Jul 032014
 

It feels wrong for a client or server to use the “owner” shared secret credentials in an Azure Service Bus connection string. It’s pure evil with 100s or 1000s of Azure Service Bus queue and topic clients sending messages. So how about I supplement the documentation and show how to easily change from using <sharedSecret> to <sharedAccessSignature>?

Step 1: Create some SAS policies

Log into the Azure management portal, click on your Service Bus queue (or topic), and then click Configure. Add one or more policies, choose their respective permissions, and click Save. After saving, the policy name and keys appear under the “shared access key generator” section below. Copy the primary key and move on to step 2.

image

Step 2: Modify your config file

If you’re like me, you like to keep your WCF hosting code free of configuration. If hosted in a console app, the following code is all I use to start a service.

ServiceHost testHost = new ServiceHost(typeof(TestManager));
testHost.Open();

When adding an additional endpoint for NetMessagingBinding, it’s really simple to just add a new endpoint and behavior configuration. The documentation in place today always shows <sharedSecret> being used. This is not a real-world scenario since every client and service should have their own credentials.

To use your new shared access keys, change this:

    <behaviors>
      <endpointBehaviors>
        <behavior name="ServiceBusTokenProvider">
          <transportClientEndpointBehavior>
            <tokenProvider>
              <sharedSecret issuerName="owner" issuerSecret="blAhblAh+Blah/blaH+BLAhblAhBLaHblAHBlahblaH=" />
            </tokenProvider>
          </transportClientEndpointBehavior>
        </behavior>
      </endpointBehaviors>
    </behaviors>

to something like this, using your newly-generated keys:

    <behaviors>
      <endpointBehaviors>
        <behavior name="SASPolicyTokenProvider">
          <transportClientEndpointBehavior>
            <tokenProvider>
              <sharedAccessSignature keyName="ingest-manager" key="SASkey+sAskEY/SASKeysaSKey+SaskeYsaSKEy/SaS=" />
            </tokenProvider>
          </transportClientEndpointBehavior>
        </behavior>
      </endpointBehaviors>
    </behaviors>

And that’s it.

Feb 062014
 

If you’ve been operating an application as an Azure Cloud Service for a year or two, then you are probably due to renew or upgrade your SSL certificate. People move on, and contractor rates go up. You may not be the person that installed the original SSL cert or may not have documentation on how to install a new cert. The process is simple and takes only an hour once you’ve acquired your new certificate.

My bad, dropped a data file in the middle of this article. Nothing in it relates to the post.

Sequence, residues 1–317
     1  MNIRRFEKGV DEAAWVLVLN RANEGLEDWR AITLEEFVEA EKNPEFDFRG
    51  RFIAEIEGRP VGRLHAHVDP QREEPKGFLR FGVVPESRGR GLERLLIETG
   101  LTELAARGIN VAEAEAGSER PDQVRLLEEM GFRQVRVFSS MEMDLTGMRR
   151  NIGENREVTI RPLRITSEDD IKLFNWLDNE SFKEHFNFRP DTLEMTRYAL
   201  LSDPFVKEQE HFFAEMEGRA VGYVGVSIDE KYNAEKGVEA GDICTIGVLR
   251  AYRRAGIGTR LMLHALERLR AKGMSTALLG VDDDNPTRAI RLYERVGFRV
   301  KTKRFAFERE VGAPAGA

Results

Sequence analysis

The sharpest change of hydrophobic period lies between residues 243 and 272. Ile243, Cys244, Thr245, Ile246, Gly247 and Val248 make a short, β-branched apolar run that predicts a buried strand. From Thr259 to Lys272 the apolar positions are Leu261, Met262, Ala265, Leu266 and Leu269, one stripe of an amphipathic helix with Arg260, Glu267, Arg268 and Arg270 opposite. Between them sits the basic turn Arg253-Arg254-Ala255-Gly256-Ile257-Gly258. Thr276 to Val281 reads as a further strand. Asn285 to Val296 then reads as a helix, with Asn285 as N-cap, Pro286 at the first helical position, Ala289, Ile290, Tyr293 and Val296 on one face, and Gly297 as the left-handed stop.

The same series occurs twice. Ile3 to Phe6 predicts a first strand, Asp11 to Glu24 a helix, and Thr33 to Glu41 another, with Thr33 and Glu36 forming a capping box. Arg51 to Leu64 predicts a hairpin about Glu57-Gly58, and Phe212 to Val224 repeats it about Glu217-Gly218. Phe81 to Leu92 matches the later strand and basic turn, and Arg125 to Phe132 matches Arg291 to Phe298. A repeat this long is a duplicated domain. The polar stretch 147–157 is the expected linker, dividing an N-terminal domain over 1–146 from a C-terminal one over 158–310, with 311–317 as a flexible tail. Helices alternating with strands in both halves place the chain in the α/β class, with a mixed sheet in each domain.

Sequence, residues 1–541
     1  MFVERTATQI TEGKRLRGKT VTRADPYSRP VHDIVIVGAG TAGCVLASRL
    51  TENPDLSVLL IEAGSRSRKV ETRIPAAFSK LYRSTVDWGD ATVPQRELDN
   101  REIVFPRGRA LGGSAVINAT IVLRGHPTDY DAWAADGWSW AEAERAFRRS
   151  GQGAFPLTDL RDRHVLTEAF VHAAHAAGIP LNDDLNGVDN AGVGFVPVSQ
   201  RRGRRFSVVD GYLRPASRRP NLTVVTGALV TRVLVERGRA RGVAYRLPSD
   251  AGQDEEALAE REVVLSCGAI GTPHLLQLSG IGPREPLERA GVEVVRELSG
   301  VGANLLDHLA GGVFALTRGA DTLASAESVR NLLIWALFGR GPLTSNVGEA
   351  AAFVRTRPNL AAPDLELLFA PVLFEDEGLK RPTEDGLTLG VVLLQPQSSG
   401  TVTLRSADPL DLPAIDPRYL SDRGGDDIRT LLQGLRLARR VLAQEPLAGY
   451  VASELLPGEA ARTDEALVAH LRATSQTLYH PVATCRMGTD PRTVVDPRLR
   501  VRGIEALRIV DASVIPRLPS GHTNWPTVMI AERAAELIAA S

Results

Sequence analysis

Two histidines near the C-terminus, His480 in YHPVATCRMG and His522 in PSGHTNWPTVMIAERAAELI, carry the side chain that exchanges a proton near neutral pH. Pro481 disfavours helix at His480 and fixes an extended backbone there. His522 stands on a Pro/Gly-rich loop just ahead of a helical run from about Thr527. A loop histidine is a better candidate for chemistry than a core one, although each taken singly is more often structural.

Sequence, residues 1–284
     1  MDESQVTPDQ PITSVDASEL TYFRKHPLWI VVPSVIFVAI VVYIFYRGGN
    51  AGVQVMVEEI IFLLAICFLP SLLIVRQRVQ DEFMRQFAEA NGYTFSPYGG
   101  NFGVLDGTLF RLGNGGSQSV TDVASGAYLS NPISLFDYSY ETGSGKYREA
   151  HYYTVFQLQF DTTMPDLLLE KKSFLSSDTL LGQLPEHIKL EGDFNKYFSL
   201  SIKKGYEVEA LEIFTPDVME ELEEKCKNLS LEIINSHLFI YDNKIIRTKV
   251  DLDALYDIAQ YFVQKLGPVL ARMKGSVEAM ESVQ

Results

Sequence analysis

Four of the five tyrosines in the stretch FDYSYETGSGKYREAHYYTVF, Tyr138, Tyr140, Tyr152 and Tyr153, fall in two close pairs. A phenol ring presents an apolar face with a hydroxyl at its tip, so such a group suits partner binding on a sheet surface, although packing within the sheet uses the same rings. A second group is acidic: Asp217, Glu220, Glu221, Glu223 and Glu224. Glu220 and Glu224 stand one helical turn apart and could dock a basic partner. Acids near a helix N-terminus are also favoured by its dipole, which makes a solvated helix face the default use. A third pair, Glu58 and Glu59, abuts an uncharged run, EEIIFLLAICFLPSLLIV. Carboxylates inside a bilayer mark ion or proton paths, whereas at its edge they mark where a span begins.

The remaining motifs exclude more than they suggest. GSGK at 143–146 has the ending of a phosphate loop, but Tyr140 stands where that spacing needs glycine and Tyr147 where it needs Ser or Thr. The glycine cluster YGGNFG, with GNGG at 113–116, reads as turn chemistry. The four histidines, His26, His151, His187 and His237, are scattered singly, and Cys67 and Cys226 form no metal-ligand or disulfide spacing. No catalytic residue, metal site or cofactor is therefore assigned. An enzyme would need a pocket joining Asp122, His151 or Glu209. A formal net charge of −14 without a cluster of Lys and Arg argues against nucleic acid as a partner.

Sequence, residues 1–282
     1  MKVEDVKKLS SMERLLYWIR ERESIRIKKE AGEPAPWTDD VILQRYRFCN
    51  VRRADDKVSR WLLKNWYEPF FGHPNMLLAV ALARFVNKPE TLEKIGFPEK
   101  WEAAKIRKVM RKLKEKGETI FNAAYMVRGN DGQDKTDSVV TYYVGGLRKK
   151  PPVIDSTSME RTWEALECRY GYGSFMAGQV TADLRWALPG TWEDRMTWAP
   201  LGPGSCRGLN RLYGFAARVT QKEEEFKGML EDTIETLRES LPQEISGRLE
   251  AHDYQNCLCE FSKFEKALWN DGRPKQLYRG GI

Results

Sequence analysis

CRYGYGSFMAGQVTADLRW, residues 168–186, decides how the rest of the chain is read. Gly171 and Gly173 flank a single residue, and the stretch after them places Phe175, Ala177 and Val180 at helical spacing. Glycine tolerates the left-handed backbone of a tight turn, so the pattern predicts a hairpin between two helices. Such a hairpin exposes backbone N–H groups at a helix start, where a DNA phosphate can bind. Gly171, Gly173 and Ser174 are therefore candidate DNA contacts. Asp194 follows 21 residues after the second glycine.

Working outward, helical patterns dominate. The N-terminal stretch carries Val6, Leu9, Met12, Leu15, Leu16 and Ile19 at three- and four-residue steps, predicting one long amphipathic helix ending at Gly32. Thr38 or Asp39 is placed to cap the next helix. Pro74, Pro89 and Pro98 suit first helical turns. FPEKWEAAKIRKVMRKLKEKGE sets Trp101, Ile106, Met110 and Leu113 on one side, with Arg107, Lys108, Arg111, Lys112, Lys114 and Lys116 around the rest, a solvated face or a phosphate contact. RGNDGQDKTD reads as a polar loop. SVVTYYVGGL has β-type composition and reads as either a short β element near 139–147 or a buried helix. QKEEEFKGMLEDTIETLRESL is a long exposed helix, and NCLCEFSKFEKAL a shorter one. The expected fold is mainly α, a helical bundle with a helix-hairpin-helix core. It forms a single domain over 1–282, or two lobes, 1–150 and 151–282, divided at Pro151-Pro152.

1. Downloaded the new certificate from your certificate provider
    Each provider is different in how they will deliver the certificates. GoDaddy will have you select your server type (e.g. IIS6, IIS7, Tomcat, Apache) before downloading the certificate. When you requested the certificate from your provider, you had to use one of these servers to generate the CSR (certificate signing request). You will be receiving a CRT (web server certificate) from your provider. It’s important to choose the right server type so the CRT can be imported. If you’re deploying to Azure, then you’ll probably choose IIS7 like I did. Download the cert files (or zip file) and save it somewhere safe from prying eyes.

    NOTE: You will likely also receive some intermediate certificates. These have much longer lifespans than a 1-2 year SSL certificate. You’ll follow your provider’s instructions to install these later, if necessary.

  2. Complete the certificate request on IIS
    If you received intermediate certificates from your provider, now is the time to do so. This will ensure that you have a full certification path. Follow your provider’s instructions for this. These intermediate certificates have lifespans of up to 10-20 years, so if the thumbprint is the same no action will be necessary. You can check this by double-clicking the certificate and checking the thumbprint on the details tab. Compare that value to what was previously uploaded to Azure under Cloud Services – <Your Cloud Service> – Certificates tab. Any previously uploaded intermediate certificates will appear here as well as your existing SSL certificate.

    In IIS7 on your server, VM, developer workstation, click on Server Certificates. In the Actions pane on the right, click Complete Certificate Request. Browse to find the name of the CRT file you downloaded in the previous step. Type a friendly name like “*.my-domain.com” and click OK. If the import is successful, you’ll see your certificate appear in the list on the Server Certificates screen in IIS.
    image

  3. Export the certificate as a PFX file
    Open MMC and add the snap-in to work with the Local Machine certificate stores appearing as Certificates (Local Computer). Find your certificate in the Personal \ Certificates store and look for the friendly name you entered in the previous step. Right-click on the certificate, choose All Tasks and then Export to open the Certificate Export Wizard. Follow the wizard, choosing Yes, export the private key and Include all certificates in the certification path if possible options. Type a good password and choose a file path to export the PFX file. For future-you’s sake, name the file with a .pfx extension. When the wizard completes, your PFX file will be ready for use.

    Before you leave the certificate manager (MMC), double-click the certificate to open it and copy the thumbprint from the Details tab. You’ll need the thumbprint in later steps.

  4. Upload the PFX and intermediate certificates to Azure